Apr 15, 2017

Why you might start hearing about genetically modified astronauts

Terry Renna / AP

Don't take my word for it — check out this piece that posted today from MIT Technology Review, that shameless clickbait factory. No, it's not something that's happening right now, and the piece doesn't give any evidence that NASA is actively considering it. But it is something that a few scientists are starting to think about — because it might be a way to solve some of the health hazards of long-term space travel:

  • You can't send people to Mars without radiating them to a crisp.
  • That's one of the biggest problems to solve if people ever want to visit Mars, other than how to physically get there.
  • But what if someone could be genetically re-engineered to be radiation-proof?

Yes, but: Where to begin? It's a long way off, sort of far-fetched, and it raises all of the ethical concerns scientists are already worrying about with gene editing. But some futurists say they should make an exception for space travel. "You can't send someone to another planet without genetically protecting them if you are able to," said Weill Cornell Medicine's Christopher Mason, one scientist who's thinking about it. "That would also be unethical."

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Airline industry braces for a forever-changed world

Illustration: Sarah Grillo/Axios

The airline industry got a $58 billion lifeline in the coronavirus federal aid package. But the path is unclear for these companies, whose operations and prospects will be forever changed by the global pandemic.

Why it matters: People may want to minimize travel for the foreseeable future. Investors, analysts and industry watchers are trying to determine how much airlines will need to spend — and how much more in lost revenue they'll see — while they adapt to the new reality.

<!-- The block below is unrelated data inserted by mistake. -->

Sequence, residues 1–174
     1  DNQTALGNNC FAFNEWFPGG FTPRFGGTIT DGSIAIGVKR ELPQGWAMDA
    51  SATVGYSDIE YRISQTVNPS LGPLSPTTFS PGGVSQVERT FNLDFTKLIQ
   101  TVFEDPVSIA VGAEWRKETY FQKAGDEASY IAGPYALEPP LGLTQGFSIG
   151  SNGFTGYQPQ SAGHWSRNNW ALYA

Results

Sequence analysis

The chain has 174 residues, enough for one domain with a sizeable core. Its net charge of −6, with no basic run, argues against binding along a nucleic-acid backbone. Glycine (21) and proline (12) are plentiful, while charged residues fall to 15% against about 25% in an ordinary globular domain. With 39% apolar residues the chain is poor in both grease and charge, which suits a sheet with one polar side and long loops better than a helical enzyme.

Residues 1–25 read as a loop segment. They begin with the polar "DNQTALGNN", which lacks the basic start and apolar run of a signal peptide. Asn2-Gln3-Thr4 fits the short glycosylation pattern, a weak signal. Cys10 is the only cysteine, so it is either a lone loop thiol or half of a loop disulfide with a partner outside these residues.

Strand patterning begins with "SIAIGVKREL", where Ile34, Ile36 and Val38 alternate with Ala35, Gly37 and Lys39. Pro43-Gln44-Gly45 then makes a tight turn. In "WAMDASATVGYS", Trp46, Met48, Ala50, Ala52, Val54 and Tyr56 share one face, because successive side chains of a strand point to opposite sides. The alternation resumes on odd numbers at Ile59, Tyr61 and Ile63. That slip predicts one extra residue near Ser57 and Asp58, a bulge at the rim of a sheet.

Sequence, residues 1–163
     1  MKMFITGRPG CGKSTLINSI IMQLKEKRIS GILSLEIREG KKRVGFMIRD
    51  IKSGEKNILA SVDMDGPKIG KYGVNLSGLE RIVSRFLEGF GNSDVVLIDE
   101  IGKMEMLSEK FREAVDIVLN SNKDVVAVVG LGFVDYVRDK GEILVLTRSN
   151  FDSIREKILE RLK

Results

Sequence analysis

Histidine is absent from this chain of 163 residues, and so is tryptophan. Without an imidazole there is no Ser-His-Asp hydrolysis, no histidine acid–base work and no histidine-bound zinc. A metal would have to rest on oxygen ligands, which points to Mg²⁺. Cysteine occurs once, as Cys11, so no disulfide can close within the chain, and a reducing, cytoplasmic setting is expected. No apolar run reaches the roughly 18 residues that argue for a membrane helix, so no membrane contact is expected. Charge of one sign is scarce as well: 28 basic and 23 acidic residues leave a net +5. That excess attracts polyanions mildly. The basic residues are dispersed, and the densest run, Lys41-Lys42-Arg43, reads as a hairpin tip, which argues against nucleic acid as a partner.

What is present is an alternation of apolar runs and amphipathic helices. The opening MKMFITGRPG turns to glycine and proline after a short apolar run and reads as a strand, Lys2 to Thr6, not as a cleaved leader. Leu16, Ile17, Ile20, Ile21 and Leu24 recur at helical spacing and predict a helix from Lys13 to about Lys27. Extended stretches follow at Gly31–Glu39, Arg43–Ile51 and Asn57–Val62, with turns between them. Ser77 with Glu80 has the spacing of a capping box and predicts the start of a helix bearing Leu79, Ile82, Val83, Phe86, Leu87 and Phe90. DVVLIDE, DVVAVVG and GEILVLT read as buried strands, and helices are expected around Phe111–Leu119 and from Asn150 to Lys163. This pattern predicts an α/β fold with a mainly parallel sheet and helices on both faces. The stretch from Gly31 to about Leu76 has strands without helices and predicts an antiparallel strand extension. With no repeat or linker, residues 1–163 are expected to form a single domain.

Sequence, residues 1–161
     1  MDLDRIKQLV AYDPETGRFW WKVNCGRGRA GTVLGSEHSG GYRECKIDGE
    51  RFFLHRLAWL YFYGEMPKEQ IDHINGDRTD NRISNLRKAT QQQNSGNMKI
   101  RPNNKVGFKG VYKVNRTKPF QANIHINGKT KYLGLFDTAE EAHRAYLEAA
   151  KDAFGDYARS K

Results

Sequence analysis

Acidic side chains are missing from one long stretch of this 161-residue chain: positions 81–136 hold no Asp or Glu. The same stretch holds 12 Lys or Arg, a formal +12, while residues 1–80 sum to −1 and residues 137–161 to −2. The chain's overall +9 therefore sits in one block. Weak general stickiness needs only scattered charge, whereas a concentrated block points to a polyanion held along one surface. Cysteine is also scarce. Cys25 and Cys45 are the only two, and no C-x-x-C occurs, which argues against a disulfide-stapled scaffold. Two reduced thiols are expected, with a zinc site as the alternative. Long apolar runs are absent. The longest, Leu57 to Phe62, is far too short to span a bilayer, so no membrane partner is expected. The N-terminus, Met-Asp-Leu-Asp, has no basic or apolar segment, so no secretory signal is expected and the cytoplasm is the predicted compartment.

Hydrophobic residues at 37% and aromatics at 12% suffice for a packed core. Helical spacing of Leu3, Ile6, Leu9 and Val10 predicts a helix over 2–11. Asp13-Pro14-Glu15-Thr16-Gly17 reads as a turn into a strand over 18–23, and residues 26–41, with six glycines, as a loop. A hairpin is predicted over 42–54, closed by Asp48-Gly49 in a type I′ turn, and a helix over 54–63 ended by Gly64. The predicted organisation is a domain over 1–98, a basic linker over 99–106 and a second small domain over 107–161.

Trump denies seeing Navarro memos warning about toll of coronavirus

President Trump said at a press briefing Tuesday that he "didn't see" memos from his trade adviser Peter Navarro warning in January and February that the coronavirus crisis could kill more than half a million Americans and cost close to $6 trillion.

Why it matters: Trump insisted that despite not seeing the memos, he did "more or less" what Navarro suggested by banning non-U.S. citizens from traveling from China effective Feb. 2.

Acting Navy secretary resigns over handling of virus-infected ship

Thomas Modly. Photo: Chip Somodevilla/Getty Images

Acting Navy Secretary Thomas Modly resigned Tuesday after apologizing for comments he made about Capt. Brett Crozier, who was removed when a letter he wrote pleading with the Navy to address the coronavirus outbreak aboard the USS Theodore Roosevelt was leaked to the press. The resignation was first reported by Politico.

Why it matters: The controversy over Crozier's removal was exacerbated after audio leaked of Modly's address to the crew, in which he said Crozier was either "too naive or too stupid to be a commanding officer of a ship like this." After initially backing Modly's decision, President Trump said at a briefing Monday that he would "get involved."

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